The Messianic Hope | T. D. Alexander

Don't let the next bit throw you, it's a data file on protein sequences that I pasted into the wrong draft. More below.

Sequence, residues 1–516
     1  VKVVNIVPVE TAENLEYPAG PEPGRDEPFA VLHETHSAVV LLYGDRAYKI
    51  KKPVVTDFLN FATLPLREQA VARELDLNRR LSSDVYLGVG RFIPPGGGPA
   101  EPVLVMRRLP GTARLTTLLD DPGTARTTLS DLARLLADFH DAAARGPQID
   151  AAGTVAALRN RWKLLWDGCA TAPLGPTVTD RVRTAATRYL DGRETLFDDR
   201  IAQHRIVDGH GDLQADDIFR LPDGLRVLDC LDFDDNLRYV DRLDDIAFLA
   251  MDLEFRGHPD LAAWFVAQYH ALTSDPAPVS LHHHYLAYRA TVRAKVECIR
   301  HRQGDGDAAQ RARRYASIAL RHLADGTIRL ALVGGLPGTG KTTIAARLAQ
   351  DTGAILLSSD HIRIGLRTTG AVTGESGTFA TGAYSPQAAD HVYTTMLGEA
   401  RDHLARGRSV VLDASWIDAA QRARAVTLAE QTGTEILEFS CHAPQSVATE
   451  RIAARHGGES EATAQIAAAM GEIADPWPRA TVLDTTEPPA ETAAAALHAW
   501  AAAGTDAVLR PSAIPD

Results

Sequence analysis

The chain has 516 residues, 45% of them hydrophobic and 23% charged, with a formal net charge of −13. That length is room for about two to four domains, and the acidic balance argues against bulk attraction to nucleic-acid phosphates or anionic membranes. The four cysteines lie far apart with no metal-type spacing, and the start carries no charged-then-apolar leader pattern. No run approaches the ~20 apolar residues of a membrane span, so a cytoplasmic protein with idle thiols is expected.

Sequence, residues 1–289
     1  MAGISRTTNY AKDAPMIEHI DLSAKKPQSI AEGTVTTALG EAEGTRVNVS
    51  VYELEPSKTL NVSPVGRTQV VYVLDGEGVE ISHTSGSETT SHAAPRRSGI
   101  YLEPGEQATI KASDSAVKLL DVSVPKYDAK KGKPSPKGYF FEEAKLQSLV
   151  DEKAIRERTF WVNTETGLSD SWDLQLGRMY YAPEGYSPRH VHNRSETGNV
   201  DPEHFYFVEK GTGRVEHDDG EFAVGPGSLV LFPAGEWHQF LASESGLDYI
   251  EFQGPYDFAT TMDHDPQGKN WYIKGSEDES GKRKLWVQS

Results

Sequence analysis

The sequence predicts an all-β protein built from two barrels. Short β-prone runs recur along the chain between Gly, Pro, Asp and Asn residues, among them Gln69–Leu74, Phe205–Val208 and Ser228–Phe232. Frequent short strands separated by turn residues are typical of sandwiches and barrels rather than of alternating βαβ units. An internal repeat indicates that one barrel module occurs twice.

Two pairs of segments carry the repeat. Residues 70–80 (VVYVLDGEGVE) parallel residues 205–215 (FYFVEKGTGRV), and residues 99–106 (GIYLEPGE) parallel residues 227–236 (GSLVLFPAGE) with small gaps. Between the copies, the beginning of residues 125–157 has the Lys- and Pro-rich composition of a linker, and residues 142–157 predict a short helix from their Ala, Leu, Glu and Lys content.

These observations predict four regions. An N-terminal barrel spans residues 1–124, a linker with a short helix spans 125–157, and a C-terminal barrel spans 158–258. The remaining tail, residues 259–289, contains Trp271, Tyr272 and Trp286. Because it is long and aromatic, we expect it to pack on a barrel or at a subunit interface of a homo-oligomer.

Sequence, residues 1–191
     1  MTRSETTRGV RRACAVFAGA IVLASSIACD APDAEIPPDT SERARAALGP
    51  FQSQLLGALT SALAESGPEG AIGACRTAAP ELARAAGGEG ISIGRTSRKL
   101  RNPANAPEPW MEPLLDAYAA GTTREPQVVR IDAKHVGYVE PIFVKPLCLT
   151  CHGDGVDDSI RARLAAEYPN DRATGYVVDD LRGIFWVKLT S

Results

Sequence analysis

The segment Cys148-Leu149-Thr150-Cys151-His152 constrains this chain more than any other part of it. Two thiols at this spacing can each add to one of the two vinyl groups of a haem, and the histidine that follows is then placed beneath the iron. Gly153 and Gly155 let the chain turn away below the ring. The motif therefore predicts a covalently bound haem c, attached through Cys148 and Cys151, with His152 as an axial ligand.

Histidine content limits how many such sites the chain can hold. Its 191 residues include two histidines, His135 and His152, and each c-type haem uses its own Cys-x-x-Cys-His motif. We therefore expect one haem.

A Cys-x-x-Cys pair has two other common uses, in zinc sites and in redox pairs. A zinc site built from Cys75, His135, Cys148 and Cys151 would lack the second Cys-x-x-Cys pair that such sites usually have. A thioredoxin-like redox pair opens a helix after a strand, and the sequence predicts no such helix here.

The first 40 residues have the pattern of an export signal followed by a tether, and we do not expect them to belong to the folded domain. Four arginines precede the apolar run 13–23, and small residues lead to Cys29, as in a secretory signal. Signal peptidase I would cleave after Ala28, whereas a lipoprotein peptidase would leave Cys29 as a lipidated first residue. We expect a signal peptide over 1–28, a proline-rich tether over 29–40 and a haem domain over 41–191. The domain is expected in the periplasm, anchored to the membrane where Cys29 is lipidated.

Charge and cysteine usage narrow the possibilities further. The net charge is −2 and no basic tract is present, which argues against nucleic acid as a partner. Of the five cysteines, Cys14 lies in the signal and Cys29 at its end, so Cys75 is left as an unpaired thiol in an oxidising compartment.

At the heart of the Old Testament is the expectation that God will send a unique king, associated with the Davidic dynasty, who will bring God’s blessing to the nations of the world. Significantly, he will sacrifice his life to atone for the sins of others. Beginning in the book of Genesis, God intimates that his plan to redeem the world from the consequences of Adam and Eve’s disobedience will centre on one of Eve’s descendants, who will overthrow God’s enemy, the serpent, identified elsewhere in the Bible as the devil or Satan. This hope is subsequently linked to Abraham, with the expectation that one of his descendants will be a king, through whom all the nations of the earth will be blessed. The path towards the fulfillment of these promises eventually leads to the Davidic dynasty. Through David and his son Solomon, God establishes Jerusalem as his holy city where he dwells among his people. When subsequent Davidic kings fail to trust God fully, various prophets predict that God will raise up a righteous Davidic king whose reign will be characterised by justice, peace and prosperity. As God’s vicegerent, the promised Davidic king will redeem others through sacrificing his life to atone for their sins. Although the Babylonian destruction of Jerusalem in 586 BC brings to an end the rule of Davidic kings in Jerusalem, God intimates through his prophets that he will send a new Davidic king. Jewish expectations regarding this divinely pledged king are prevalent in the first century AD. By this stage the designation “Messiah,” meaning “anointed one,” is used alongside other titles to denote this promised king. [Read More]